The recent introduction of our virtual story time group has the speech pathology team thinking about the importance of reading and how much fun books can be!
We all know books are great for young people, but why? What is it exactly about books that makes them such a powerful tool in therapy and at home for a young person’s development?
Children enjoy books in many different ways, some young people have one or many favourite stories they want to look at and read over and over again. Other children may seem more interested in flipping the pages or looking at the pictures. Some of our young people may enjoy books in a different way by pressing switches or turning the pages with their eyes. What’s most important is that your child has fun looking at the books with you and that experience leads to language modelling and interaction.
There are just so many benefits to a book when your loved one is interested and having fun. Reading to your loved one can support many language and interaction skills such as:
• Understanding and comprehension skills. After all, reading is about what you learn from it, what you comprehend;
• Emotional knowledge and empathy. When a young person can put themselves into the story this can happen. They identify with characters, and they feel what they are feeling. Young people begin to understand and relate to emotions;
• Learning new words, concepts and ideas. Reading books ensures that your loved one is exposed to vocabulary on different topics, which means they hear words or phrases which they may not hear otherwise in their day to day lives. Remember to model these words on your loved ones communication device too if they have one;
• Hearing the sounds in words and learning that printed words can have meaning. This is the first step in literacy development and learning to read;
• Rhythm, rhyme and pace of a story. The way you read a book to your loved one, with lots of rhyme and rhythm helps them to be part of the story. Rhyme and rhythm have been shown to use different pathways in the brain which helps with learning and remembering lots of language concepts;
• Play skills including developing their imagination and creativity. You may start see the young person make connections between books and their experiences and incorporate themes from books into pretend play;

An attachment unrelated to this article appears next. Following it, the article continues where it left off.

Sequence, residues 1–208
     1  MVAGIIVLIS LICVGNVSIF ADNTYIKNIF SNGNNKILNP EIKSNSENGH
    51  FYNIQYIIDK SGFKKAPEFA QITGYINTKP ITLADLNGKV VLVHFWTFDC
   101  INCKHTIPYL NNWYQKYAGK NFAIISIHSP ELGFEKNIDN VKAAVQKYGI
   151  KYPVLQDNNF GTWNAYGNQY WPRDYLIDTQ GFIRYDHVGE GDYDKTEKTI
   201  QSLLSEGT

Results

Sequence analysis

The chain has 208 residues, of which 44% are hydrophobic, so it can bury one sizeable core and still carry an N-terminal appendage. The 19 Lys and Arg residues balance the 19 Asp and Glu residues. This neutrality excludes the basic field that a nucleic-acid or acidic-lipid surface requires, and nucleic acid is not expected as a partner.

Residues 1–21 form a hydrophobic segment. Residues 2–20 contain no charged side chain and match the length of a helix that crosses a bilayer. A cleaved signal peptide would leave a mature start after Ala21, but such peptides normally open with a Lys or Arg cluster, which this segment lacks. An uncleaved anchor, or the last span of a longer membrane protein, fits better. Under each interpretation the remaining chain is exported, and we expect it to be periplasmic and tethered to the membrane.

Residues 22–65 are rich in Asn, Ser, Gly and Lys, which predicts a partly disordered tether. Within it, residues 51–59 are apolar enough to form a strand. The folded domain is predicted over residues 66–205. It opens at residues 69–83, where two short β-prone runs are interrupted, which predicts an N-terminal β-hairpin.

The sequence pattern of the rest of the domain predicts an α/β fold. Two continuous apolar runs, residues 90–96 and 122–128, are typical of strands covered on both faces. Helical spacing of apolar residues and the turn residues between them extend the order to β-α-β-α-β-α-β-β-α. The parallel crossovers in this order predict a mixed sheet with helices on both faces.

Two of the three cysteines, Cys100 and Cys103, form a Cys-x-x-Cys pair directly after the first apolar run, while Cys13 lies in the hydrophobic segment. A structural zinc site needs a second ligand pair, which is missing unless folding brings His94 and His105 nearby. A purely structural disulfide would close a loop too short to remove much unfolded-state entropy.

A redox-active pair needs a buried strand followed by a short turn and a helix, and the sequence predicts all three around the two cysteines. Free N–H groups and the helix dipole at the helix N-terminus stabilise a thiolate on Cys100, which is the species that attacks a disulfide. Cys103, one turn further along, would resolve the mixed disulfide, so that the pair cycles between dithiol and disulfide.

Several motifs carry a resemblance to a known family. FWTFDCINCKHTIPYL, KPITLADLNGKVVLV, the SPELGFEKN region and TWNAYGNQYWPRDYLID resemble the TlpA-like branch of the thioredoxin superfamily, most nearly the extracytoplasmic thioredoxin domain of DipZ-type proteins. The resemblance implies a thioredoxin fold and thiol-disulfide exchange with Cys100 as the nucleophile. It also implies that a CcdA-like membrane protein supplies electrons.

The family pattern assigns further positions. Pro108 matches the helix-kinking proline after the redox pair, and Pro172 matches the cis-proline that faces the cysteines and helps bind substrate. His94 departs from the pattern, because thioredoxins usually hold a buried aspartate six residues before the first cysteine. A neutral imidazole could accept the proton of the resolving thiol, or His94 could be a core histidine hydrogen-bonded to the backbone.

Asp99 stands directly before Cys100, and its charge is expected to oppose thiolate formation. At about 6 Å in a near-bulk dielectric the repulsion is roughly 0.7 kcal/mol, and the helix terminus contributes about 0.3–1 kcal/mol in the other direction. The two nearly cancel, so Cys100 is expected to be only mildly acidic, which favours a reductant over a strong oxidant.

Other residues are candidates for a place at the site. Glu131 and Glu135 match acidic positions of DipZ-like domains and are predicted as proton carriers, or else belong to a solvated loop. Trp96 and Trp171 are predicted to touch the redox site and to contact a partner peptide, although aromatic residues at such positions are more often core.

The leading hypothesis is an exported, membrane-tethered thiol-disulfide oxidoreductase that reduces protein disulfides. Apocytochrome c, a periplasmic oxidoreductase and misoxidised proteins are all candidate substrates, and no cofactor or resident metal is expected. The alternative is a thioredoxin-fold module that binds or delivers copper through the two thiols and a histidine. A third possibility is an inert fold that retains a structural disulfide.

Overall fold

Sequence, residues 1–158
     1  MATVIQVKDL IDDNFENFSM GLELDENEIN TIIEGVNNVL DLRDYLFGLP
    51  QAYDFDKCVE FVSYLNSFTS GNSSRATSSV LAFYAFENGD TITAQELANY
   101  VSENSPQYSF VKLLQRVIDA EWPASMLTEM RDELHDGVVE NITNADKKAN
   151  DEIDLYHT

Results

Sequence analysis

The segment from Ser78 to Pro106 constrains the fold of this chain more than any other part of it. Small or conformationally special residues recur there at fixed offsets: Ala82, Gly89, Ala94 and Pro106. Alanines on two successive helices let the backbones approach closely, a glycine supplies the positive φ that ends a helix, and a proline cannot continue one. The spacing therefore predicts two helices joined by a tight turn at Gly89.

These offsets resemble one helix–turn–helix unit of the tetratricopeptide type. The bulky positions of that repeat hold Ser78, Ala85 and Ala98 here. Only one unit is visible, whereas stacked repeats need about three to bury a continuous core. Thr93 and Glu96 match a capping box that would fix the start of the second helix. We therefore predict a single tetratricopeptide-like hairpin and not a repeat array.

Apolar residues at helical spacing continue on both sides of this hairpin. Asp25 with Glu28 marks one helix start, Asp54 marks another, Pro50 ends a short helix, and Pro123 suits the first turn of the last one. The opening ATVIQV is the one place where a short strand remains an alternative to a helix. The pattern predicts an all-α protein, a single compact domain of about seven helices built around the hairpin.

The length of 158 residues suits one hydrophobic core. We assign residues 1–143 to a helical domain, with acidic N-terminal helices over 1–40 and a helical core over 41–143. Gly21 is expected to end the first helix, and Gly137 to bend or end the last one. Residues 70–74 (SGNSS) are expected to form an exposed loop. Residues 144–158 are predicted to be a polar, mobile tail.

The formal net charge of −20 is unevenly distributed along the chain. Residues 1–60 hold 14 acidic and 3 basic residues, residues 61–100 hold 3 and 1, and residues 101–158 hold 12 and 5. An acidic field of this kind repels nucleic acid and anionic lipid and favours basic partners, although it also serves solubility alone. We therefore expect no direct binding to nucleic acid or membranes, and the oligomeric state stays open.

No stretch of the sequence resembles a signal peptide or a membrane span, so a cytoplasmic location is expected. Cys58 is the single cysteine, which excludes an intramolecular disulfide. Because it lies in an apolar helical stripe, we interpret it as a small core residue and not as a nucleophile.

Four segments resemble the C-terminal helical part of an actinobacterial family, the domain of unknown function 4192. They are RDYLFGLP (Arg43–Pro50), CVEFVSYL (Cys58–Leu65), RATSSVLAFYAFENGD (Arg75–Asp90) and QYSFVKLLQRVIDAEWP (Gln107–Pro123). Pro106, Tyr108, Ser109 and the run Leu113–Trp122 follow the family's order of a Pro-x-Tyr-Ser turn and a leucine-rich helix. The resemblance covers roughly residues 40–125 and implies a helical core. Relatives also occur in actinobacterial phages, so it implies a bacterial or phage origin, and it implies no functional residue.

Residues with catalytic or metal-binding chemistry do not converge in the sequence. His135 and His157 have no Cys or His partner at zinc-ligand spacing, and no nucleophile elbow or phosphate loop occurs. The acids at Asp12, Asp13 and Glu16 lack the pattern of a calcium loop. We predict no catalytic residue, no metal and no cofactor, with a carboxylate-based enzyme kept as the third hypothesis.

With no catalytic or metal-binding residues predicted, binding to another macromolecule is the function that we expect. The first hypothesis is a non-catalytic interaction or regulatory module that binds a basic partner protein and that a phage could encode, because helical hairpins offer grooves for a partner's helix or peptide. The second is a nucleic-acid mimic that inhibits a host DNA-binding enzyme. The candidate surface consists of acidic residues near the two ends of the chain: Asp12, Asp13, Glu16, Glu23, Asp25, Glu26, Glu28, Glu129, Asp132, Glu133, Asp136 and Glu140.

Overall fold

• Sequencing and telling things in order. Reading to your loved one helps them learn the way to re-tell an event, learning concepts like beginning, middle and end and how to tell a story. This skill is the starting blocks for being able to write a story. It also supports them to use different expressions and voices to keep people interested;
• Social skills. Books can help a young person practice turn taking skills and learn problem solving and inferencing skills (e.g., reading between the lines); and
• Sharing attention. Books are a lovely way to share an experience together and start to develop an understanding of what someone else finds interesting. A favourite book is a motivating thing to sit together and do; pointing to pictures, commenting on interesting things and sparking a conversation.
Research shows that young people who participated in daily book sharing routines demonstrated better early literacy skills, were better able to learn and remember the story’s content, and increased their overall vocabulary compared to peers who did not have daily shared book-reading experiences.
Spending quality time with one another—reading and talking—is such a great way to nurture literacy development and provide a positive language environment. It also helps you have some nice, positive interactions together.
See an upcoming article for more ideas for using story books at home with your loved one. Here is a hint…it’s all about the FUN! If you have attended any of the virtual story time sessions you will know, the sillier the better.
As Dr Seuss would say, “The more that you read, the more you will know, the more that you know, the more places you will go”.
If you would like to attend a virtual story time session, please email Jenna on email@example.com or contact your Speech Pathologist.
Written by speech pathologists Jenna and Mikayla.
Dickinson, D. K., Griffith, J. A., Michnick Golinkoff, R., & Hirsh-Pasek, K. (2012). How Reading Books Fosters Language Development around the World. Child Development Research, vol. 2012. Available online at: http://www.hindawi.com/journals/cdr/2012/602807/cta/.
Debaryshe, B. D. (1993). Joint picture-book reading correlates of early oral language skill. Journal of Child Language, 20(2), 455–461.
Shoghi, A., Willersdorf, E., Braganza, L. and McDonald, M. (2013) 2013 Let’s Read Literature Review. Victoria: The Royal Children’s Hospital Centre for Community Child Health, Murdoch Childrens Research Institute.
Karrass, J. & Braungart-Rieker, J. M. (2005). Effects of shared parent-infant book reading on early language acquisition. Journal of Applied Developmental Psychology, 26(2), 133–148.